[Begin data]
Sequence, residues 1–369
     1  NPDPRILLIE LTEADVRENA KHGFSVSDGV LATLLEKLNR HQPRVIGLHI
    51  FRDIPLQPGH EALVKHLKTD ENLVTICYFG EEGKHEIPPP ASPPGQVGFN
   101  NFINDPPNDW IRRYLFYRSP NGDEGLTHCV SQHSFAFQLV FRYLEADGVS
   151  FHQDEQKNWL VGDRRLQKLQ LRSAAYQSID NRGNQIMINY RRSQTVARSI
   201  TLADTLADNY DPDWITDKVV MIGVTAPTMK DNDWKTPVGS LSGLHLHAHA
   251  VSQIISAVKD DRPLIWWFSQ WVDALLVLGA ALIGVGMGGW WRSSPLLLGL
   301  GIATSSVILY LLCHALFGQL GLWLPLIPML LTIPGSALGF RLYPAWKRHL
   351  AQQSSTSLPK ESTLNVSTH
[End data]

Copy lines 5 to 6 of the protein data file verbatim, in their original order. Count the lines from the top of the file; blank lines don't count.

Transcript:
   151  FHQDEQKNWL VGDRRLQKLQ LRSAAYQSID NRGNQIMINY RRSQTVARSI
   201  TLADTLADNY DPDWITDKVV MIGVTAPTMK DNDWKTPVGS LSGLHLHAHA